Research suggests customers aren’t in a hurry to change to electric cars.
If the past 18 months have taught us anything, it’s that modelling future scenarios can be perilous. Nevertheless, the UK’s Society of Motor Manufacturers and Traders (SMMT) has done just that as it attempts to map out the powertrain transition to 2035.
It is an interesting insight as the UK is introducing a ban on sales of all combustion-engined cars by 2030. It’s a fascinating if inevitably – and openly – flawed exercise, such are the assumptions that must be made, ranging from how big purchase incentives will be through to the assumed installation of charging networks and a prevalent supply of cars to meet demand. And much more.
The SMMT has provided for ‘high’, ‘central’ and ‘low’ scenarios; in other words, best and worst cases, plus something in between. Insights include a glimpse into the potential impact of incentives through to 2026. Central estimates suggest registrations of 700,000 EVs in 2026 (up from about 165,000 this year), but with a further 600,000 possible if incentives are good enough. With 2.3 million new car registrations predicted, that means well over half would be electrified.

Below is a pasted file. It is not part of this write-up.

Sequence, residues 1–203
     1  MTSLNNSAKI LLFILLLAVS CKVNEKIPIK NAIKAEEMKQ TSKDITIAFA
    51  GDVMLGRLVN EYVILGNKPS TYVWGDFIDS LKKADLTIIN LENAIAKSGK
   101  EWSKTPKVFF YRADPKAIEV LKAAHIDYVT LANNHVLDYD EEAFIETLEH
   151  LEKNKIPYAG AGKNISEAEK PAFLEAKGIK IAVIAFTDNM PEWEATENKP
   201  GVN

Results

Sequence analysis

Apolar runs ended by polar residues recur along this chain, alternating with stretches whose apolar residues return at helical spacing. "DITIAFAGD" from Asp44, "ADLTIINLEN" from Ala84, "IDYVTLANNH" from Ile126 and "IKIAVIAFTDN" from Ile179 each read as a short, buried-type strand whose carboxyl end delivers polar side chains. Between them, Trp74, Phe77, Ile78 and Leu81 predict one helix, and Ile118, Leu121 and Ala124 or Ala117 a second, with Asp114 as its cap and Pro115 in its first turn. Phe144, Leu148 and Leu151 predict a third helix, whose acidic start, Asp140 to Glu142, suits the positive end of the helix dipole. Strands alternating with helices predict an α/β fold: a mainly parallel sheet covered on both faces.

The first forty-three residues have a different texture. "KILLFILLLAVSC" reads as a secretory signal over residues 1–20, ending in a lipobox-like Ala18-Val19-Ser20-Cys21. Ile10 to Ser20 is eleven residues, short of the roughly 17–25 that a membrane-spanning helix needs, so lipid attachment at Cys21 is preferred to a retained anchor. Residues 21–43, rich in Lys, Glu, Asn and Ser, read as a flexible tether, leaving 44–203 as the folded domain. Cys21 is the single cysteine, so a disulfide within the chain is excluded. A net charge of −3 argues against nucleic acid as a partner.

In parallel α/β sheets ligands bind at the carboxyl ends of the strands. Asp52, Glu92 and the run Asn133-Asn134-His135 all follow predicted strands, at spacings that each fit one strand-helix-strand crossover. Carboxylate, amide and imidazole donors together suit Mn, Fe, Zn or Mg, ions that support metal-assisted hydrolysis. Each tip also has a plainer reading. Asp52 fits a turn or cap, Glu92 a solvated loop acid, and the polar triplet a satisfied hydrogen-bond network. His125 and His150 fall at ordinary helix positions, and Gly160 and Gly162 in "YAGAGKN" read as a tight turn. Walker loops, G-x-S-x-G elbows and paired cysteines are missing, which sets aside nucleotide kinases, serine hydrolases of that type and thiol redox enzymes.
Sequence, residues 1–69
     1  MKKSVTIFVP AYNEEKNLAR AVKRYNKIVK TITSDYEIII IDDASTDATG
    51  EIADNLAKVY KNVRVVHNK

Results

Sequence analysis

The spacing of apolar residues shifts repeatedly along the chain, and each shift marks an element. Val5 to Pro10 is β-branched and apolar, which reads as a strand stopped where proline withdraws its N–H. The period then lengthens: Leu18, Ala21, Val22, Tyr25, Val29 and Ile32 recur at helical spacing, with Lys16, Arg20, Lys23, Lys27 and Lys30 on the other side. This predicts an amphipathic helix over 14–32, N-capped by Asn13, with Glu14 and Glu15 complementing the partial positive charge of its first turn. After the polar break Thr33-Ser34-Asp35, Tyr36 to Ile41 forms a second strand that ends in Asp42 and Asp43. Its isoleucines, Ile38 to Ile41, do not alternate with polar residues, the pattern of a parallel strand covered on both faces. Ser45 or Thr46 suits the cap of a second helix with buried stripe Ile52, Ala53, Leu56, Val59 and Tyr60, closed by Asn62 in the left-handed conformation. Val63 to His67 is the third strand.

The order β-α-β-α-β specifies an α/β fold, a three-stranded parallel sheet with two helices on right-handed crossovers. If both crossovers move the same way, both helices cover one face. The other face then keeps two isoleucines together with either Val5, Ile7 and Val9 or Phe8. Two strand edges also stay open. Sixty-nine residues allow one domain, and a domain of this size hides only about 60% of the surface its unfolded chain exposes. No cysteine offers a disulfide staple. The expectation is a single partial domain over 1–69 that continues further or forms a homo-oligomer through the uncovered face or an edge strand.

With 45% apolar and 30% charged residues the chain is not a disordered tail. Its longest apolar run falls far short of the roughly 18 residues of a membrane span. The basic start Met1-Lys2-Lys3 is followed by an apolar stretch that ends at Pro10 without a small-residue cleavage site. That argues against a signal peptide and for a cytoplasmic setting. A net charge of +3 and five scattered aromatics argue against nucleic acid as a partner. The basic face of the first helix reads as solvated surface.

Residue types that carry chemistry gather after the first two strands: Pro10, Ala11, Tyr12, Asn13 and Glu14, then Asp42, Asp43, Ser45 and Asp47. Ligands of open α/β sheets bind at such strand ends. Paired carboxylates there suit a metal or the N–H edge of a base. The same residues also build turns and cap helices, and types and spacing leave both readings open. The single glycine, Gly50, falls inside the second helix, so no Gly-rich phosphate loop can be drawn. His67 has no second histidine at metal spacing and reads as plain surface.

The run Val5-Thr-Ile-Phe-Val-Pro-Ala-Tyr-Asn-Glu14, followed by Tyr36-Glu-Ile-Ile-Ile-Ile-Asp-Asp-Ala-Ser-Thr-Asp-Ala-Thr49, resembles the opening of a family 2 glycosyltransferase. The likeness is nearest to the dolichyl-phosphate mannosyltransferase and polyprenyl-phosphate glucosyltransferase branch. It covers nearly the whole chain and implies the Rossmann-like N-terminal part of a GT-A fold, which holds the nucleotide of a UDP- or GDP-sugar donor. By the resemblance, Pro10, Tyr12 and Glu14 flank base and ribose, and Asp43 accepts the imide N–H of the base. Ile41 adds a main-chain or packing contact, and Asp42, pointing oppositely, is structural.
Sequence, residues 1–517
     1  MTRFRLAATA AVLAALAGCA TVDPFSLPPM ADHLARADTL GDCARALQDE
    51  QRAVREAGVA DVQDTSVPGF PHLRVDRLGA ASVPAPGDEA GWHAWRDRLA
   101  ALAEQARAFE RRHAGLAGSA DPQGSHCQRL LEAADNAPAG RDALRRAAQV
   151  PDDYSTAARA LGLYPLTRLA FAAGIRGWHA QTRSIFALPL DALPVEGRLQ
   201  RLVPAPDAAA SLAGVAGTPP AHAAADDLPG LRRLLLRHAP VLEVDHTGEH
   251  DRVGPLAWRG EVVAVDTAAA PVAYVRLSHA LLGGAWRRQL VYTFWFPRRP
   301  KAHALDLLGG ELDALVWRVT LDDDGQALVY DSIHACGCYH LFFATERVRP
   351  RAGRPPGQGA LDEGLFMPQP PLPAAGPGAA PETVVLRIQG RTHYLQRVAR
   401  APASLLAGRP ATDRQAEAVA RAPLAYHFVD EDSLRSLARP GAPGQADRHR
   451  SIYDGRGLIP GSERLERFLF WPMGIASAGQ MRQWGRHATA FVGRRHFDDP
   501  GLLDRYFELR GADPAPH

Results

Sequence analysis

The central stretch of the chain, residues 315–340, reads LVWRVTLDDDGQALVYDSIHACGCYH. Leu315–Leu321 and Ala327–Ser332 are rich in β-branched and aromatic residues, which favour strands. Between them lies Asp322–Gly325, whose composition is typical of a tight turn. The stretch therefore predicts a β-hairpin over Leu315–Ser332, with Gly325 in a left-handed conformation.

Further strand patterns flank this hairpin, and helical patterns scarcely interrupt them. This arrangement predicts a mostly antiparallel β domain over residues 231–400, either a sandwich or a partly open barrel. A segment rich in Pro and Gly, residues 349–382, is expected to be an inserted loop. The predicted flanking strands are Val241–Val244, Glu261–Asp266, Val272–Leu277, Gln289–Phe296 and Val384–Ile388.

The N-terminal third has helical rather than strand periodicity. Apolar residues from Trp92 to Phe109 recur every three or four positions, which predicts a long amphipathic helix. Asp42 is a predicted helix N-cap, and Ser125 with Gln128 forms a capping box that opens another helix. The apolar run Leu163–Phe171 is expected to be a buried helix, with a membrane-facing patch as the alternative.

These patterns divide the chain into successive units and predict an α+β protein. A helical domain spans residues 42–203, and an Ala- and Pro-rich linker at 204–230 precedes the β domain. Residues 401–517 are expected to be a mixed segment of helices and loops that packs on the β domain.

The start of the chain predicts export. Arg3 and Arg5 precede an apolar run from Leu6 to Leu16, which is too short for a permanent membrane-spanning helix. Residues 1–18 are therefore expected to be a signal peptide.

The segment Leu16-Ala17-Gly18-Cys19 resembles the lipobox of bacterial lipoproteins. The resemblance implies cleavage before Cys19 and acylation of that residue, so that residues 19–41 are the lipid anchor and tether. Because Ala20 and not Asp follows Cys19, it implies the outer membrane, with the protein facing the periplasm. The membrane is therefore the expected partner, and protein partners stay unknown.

That’s optimistic, of course, and the central scenario instead models that 25 per cent of registrations will be BEVs by 2025 but accelerate to 70 per cent by 2030, when the ICE sales ban comes in (and then 100 per cent in 2035, when hybrids are banned).
However, that means just 20 per cent of all cars on roads by 2030 will be EVs, with 46 per cent by 2035. Assume a 14-year fade out of ICE cars from there, and it’s possible that anyone aged 50 or over today may never have to drive an EV – although you’d hope that prices and capability would make them super-attractive by then.
However, even the SMMT’s best-case scenario predicts missing the Committee on Climate Change’s (CCC) goals from its sixth carbon budget. This independent body advises government and has helped forge its policy thinking from 2033 to 2037, so the disconnect is a big concern.
The CCC anticipates 97 per cent of new car registrations will be EVs in 2030, the year the combustion engine ban initiates; given that it also anticipates new car registrations to be much larger than the SMMT’s estimate (it’s not suggesting many will simply move to the used market), that’s either a massive endorsement of expected EV acceptance or a damning indictment of the capabilities of PHEVs.
Inevitably there are agendas on both sides, but the gap highlights the difference between optimism and cautious realism, as well as just how challenging the timeline for transition will be without massive commitment from those in charge.